Cervical cancer is cancer of the cervix, the narrow neck at the lower part of a woman's uterus, just above the vagina (Figure 1). The cervix connects the uterus to the vagina.
Approximately eight out of 10 cervical cancers originate in surface cells lining the cervix (squamous cell carcinomas). These cancers do not form suddenly. Over time, healthy cervical cells can become abnormal in appearance -- this is called dysplasia. Although these cells are not cancerous, they can eventually become...
Updated statistics with estimated new cases and deaths for 2014 (cited American Cancer Society as reference 1).
Revised text to state that irregular vaginal bleeding is an early sign, the foremost symptom, and the reason why the majority of patients with the highly curable endometrial tumor are diagnosed with stage I disease.
Added text to state that cardiovascular disease is the most common cause of death in patients diagnosed with endometrial cancer because of the early stage of the cancer at diagnosis and the metabolic risk factors (cited Ward et al. as reference 2).
Cellular Classification of Endometrial Cancer
Added text to state that endometrial cancers are classified in one of two categories; namely, type 1 may arise from complex atypical hyperplasia and is pathogenetically linked to unopposed estrogenic stimulation; type 2 develops from atrophic endometrium and is not linked to hormonally driven pathogenesis.
Added text to state that characteristic activating oncogenic mutations or amplification and inactivating mutations or deletion of tumor suppressors are seen more in association with one type of mutation versus the other type, but some overlap exists. Also added that with the Cancer Genome Atlas and a full genetic display of hundreds of endometrial cancers, four subtypes have been identified that will refine classification and provide prognostic and therapeutic implications (cited Kandoth et al. as reference 1).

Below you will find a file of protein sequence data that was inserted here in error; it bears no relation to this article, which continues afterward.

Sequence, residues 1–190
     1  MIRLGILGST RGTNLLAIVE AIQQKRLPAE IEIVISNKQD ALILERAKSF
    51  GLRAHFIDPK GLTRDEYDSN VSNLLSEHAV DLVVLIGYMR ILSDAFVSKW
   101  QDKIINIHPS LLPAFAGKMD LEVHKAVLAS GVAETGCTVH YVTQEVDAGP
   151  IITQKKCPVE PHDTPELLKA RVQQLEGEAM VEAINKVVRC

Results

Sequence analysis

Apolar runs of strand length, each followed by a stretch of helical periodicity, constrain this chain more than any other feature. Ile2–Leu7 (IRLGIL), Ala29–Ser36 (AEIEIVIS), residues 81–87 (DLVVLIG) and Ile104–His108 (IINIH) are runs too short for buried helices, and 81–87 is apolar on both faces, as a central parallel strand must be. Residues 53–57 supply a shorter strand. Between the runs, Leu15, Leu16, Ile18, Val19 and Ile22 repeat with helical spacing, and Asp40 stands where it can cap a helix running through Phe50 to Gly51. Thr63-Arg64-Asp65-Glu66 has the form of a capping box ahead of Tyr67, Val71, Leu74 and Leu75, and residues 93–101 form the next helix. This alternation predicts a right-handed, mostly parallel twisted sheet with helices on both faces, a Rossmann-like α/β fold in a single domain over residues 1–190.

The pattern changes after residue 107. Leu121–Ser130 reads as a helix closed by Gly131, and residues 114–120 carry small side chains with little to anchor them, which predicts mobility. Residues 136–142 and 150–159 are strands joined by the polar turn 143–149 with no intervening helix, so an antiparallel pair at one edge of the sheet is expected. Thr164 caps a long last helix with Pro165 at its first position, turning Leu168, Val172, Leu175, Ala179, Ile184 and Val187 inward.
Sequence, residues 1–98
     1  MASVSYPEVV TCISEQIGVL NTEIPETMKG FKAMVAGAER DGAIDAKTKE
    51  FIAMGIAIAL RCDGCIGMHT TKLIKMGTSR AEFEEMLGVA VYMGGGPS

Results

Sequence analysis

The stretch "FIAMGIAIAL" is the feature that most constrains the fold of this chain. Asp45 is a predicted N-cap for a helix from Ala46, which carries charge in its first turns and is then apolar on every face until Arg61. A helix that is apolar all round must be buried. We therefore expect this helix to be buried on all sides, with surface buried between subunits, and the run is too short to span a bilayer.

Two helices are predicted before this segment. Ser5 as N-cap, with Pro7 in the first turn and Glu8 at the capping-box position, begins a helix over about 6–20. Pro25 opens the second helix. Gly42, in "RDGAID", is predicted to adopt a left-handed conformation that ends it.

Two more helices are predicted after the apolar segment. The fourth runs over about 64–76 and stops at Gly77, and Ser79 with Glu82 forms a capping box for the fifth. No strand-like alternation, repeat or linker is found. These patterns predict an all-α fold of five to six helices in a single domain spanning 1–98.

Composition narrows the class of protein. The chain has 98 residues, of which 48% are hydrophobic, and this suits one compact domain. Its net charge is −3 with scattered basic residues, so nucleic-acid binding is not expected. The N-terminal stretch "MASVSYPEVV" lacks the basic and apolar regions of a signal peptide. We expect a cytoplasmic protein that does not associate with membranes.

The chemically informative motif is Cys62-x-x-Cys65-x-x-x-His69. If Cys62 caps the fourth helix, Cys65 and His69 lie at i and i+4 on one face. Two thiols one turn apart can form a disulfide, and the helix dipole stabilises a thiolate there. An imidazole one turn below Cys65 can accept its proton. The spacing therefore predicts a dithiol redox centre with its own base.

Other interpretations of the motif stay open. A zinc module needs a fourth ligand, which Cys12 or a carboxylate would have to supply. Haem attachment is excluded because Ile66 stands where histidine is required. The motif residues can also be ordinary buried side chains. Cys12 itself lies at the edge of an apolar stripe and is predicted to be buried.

Stage Information for Endometrial Cancer
Added text to state that even if it no longer influences staging, retrospective data based on the Surveillance, Epidemiology, and End Results Program suggest that positive peritoneal cytology is an independent risk factor in patients with early-stage endometrial cancer (cited Garg et al. as reference 3).
Stage I Endometrial Cancer
Added text to state that uterine serous histologies have higher rates of recurrence than do other stage I endometrioid carcinomas; the outcomes in institutional case series that utilize a policy of adjuvant carboplatin plus paclitaxel, occasionally including radiation therapy, for this histologic subtype, have been published and form the basis of management guidelines (cited Kiess et al., Boruta et al., Huh et al., Fader et al., Kelly et al., Havrilesky et al., and Dietrich et al., as references 1, 2, 3, 4, 5, 6, and 7, respectively). Also added that the Gynecologic Oncology Group (GOG-0249 [NCT00807768]) trial is comparing this chemotherapy regimen to pelvic radiation.